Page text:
The captured U-505 is leaving its spot outside the south side of the museum for a new climate-controlled underground exhibit hall. The work is expected to keep the exhibit closed until spring next year. The submarine has attracted 24 million visitors since its arrival in 1954.


Snow spurs cancelled classes, flights

DES MOINES — Many Iowa schools canceled or delayed the start of classes yesterday after a storm dumped up to 10 inches of snow on parts of the state.

The storm also spread snow Sunday across northern sections of Illinois and Indiana and parts of Wisconsin and Michigan. Heavy rain caused flooding in Ohio.

The storm was linked to six traffic deaths.

The snow had tapered off by yesterday morning, with only light and intermittent snow in Illinois, but it was followed by bitter cold. Wind chills were expected to reach 20 to 30 degrees below zero yesterday, said Marc Russell, a meteorologist with the National Weather Service. The temperature hit 26 degrees below zero at Fargo, N.D.


Surveillance camera nets glass-eyes thief

OWENSBORO — An eye that never blinks apparently caught a thief who swiped 50 antique glass eyes from a hospital.

A surveillance camera recorded the Christmas Eve theft from an exhibit of medical artifacts at Owensboro Medical Health System. A picture of the suspect was released to the public several days later.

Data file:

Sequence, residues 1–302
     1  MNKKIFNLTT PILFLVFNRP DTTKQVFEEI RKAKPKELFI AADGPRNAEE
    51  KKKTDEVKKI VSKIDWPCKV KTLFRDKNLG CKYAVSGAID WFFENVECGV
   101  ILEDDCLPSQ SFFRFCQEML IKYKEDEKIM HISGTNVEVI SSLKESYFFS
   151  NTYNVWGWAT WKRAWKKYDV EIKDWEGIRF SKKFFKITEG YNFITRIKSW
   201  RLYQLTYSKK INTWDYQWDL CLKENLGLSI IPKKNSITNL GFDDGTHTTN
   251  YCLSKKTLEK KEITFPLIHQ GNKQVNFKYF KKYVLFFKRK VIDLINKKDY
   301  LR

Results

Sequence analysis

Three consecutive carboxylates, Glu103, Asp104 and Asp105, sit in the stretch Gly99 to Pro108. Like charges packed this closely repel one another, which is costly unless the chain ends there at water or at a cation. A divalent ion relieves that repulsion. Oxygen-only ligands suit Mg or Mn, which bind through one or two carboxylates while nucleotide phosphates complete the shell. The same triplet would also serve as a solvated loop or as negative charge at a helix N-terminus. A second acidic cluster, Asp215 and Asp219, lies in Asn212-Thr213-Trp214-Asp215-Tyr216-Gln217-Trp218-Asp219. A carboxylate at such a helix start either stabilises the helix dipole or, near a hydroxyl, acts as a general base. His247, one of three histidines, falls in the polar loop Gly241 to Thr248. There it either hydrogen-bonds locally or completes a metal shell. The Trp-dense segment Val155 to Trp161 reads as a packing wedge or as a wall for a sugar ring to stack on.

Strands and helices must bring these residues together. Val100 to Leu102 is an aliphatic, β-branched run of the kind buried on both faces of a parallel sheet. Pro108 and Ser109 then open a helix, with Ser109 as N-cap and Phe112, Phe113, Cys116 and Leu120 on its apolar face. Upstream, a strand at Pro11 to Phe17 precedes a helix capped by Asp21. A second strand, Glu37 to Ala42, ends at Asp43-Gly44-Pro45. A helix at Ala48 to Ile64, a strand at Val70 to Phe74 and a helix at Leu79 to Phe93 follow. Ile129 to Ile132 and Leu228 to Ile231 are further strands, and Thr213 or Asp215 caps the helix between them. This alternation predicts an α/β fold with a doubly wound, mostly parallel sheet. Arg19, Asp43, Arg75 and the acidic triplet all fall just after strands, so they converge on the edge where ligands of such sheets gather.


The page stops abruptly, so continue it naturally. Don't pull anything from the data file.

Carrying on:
Melissa Jane Wink, 36, of Owensboro, was charged with theft.

The eyes were valued at $2,500. The hospital mistakenly had reported that the eyes were worth $100,000, which was the value of the exhibit collection. The artifacts were recovered at a house where Miss Wink was staying.

Police Detective Ed Krahwinkel said he wasn’t sure why someone would steal the eyes; demand for them on the black market isn’t high.


Balloons from game travel 900 miles

MARTELL — What Dean Wittstruck found in his field looked to be the leftovers of one happy New Year’s Eve party. What it turned out to be were balloons from a college football game — about 900 miles away.

Mr. Wittstruck came across the mysterious deflated balloons Thursday midmorning. Two yellow balloons still were floating, their strings caught on soybean stubble.

“Go Team” was emblazoned on one balloon. Another said “Go Ducks” in green writing and was stamped by the University of Oregon’s alumni association.

Yellow and green are the colors of the Oregon Ducks, which played Minnesota in the Sun Bowl in El Paso, Texas.

National Weather Service meteorologist Brian Smith said the helium-filled balloons could have been carried by the jet stream, 6 miles high, at speeds of 90 to 120 mph.

Oregon, by the way, lost to Minnesota in a squeaker — 31-30.


Fire survivor says dad died saving him

LAS VEGAS — A 7-year-old boy who was the only person to escape a house fire that killed his family and his friend says his father died while saving his life.

Madison Martin said his father, Charles, kicked down a bedroom door to rescue him from the fire early Thursday morning, but collapsed after bursting into his room, said the boy’s grandmother Victoria Carter.